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Jean Paul Belmondo (#110 of 3)

Take Two #11: Breathless (1960) & Breathless (1983)

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Take Two #11: <em>Breathless</em> (1960) & <em>Breathless</em> (1983)
Take Two #11: <em>Breathless</em> (1960) & <em>Breathless</em> (1983)

[Editor’s Note: Take Two is an occasional series about remakes, reboots, relaunches, ripoffs, and do-overs in every cinematic genre.]

In a word: balls. A quarter-century after its release, pretty much any controversy surrounding Jean-Luc Godard’s debut feature had long passed, and it was a firmly entrenched, immovable classic of the cinema. Which is to say, it was due for the kind of irreverent treatment that Godard himself mastered in the ’60s. I reclined, popcorn in lap, as the 1983 Breathless began, and hoped that director Jim McBride—whose biggest credits include the 1989 biopic Great Balls of Fire! and some relatively recent work directing Six Feet Under—might pick up the original and shake it by the lapels, as Godard’s film had done for gangster and romance movies a generation earlier. For a while, the new Breathless coasts on attitude alone. Then it just coasts.

Rather than the irrepressible Jean-Paul Belmondo, we now get the thinking man’s Keanu Reeves, Richard Gere. In his early work with demanding directors like Richard Brooks, Paul Schrader, and Terrence Malick, it seemed that Gere’s status as a Brando-level talent was all but foreordained; the meaty, emotionally wrought parts just couldn’t come fast enough. As an acting opportunity, playing the lead in a remake of Breathless couldn’t be juicier, and you can almost see the gears cranking as Gere hustles, steals, grifts, flirts, and grins, playing the world’s biggest deluded asshole. This is acting—showy and sweaty and entirely superficial.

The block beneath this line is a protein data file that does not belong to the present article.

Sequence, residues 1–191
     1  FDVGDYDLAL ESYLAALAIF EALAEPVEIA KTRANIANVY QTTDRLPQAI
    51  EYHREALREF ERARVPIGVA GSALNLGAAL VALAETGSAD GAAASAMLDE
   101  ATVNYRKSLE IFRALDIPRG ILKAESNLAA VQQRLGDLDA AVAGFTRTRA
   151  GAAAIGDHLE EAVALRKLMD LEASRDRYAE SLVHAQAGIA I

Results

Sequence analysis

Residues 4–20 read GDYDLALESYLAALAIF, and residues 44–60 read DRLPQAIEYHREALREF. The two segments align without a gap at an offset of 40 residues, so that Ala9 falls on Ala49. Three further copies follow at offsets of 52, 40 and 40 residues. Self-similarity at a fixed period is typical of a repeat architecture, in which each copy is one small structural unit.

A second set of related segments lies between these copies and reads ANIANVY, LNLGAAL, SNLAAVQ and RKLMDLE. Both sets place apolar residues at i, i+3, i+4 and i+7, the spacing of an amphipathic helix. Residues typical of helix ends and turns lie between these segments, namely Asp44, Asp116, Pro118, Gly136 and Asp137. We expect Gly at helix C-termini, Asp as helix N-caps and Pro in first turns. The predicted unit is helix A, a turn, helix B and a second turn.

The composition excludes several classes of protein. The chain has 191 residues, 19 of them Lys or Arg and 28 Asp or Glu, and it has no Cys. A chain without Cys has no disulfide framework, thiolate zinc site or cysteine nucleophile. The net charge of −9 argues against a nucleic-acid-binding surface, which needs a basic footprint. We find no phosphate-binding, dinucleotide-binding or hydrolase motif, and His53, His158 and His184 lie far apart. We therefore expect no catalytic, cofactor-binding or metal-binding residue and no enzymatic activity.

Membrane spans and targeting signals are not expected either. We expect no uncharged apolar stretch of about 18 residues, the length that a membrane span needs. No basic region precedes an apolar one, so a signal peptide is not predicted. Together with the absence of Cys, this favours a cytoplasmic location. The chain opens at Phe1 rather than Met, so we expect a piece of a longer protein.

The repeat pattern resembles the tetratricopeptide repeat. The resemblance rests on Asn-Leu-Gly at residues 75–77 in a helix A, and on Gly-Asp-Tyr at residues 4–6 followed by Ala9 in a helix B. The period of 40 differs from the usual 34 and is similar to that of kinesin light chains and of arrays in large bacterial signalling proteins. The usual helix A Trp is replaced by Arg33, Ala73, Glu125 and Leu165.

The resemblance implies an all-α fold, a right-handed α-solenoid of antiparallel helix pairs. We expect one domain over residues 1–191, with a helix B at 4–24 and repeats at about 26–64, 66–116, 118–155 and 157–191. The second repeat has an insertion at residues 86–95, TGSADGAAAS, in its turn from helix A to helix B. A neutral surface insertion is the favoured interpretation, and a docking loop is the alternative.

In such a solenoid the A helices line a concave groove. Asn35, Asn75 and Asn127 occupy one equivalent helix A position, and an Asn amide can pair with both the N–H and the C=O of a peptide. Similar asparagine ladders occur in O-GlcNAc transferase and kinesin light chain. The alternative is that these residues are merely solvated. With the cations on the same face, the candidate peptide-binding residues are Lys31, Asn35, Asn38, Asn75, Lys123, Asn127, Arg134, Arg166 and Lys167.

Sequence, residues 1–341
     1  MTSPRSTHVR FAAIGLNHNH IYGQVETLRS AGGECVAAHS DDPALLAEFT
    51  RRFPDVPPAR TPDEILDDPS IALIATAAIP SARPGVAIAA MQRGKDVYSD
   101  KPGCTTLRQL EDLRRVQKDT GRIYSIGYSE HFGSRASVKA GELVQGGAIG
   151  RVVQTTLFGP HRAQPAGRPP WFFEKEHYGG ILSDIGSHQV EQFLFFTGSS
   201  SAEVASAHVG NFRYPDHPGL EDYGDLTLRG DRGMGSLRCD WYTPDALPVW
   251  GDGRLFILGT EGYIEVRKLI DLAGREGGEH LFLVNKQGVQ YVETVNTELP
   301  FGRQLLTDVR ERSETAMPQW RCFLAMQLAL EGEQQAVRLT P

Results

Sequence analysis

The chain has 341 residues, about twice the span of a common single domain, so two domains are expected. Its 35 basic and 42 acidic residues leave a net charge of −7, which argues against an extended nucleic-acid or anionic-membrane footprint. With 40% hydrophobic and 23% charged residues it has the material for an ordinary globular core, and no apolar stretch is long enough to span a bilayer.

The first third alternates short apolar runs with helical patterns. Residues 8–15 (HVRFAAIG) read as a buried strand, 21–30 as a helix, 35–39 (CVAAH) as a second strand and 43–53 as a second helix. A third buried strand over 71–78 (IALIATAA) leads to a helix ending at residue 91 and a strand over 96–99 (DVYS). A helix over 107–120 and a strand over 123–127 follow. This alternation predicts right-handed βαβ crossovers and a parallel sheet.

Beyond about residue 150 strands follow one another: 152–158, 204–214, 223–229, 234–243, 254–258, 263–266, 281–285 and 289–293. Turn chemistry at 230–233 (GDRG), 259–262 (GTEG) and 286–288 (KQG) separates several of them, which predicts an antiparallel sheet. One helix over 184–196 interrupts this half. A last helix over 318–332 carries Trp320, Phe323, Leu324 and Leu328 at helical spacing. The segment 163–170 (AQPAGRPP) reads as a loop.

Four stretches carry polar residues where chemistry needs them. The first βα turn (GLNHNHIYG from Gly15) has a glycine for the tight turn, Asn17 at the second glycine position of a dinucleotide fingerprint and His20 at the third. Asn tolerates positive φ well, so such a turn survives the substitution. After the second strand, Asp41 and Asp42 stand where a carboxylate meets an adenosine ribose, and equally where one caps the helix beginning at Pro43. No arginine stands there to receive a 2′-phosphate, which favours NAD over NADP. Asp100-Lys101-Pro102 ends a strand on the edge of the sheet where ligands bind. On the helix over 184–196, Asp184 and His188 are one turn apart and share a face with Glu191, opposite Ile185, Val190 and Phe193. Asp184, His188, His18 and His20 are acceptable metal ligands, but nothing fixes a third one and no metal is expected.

A Movie a Day, Day Four: Breathless

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A Movie a Day, Day Four: <em>Breathless</em>
A Movie a Day, Day Four: <em>Breathless</em>

While Cannes was all a-Twitter with talk of Jean-Luc Godard’s latest feature yesterday, I was at a press screening of his first, Breathless, soon to be re-released in a restored print for its 50th anniversary. Which was just fine by me since I always love watching Breathless and haven’t liked much of what Godard has produced in recent decades.

The film was shockingly new when it was released in 1960: It was the first feature to be shot entirely with a handheld camera and the first to make liberal use of jump cuts, which were then considered sloppy and unprofessional. But Godard needed to edit down his first cut considerably, and rather than lose whole scenes, he chose to highlight just the most dynamic parts of each scene and cut out the rest, creating the sense that characters and objects are jumping from one position to another between shots. Both of those techniques are tiresomely overused now, but the beauty of Breathless is how vital it still feels in spite of that—still crazy after all these years.

Jean-Luc Godard’s Pierrot Le Fou on Criterion

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Jean-Luc Godard’s Pierrot Le Fou on Criterion
Jean-Luc Godard’s Pierrot Le Fou on Criterion

“A film is like a battleground. It has love… hate… action… violence… death… in one word, emotions.”

True, that is what Samuel Fuller famously declares early on in Pierrot le Fou as his definition of cinema. But while Jean-Luc Godard’s 1965 feature certainly has those first five components contained within its wildly free-form structure, emotions aren’t exactly in abundance here. Or, to put it more accurately, there are emotions, but those emotions are deconstructed and examined to the point that standard reactions to such moments no longer apply. How you are supposed to feel about the plot and the characters in the film remains frustratingly elusive—and perhaps, in the end, irrelevant. Pierrot le Fou is quite possibly the “movie-about-movies” par excellence, because by the end of it those moments of love, hate, action, violence and death don’t matter so much as one’s own unsettled awareness of just how familiar and concrete movie emotions—especially those within the kinds of genre films often adored by Godard and his Cahiers du cinéma peers—often seem compared to the messier and more complex emotions one encounters in real life.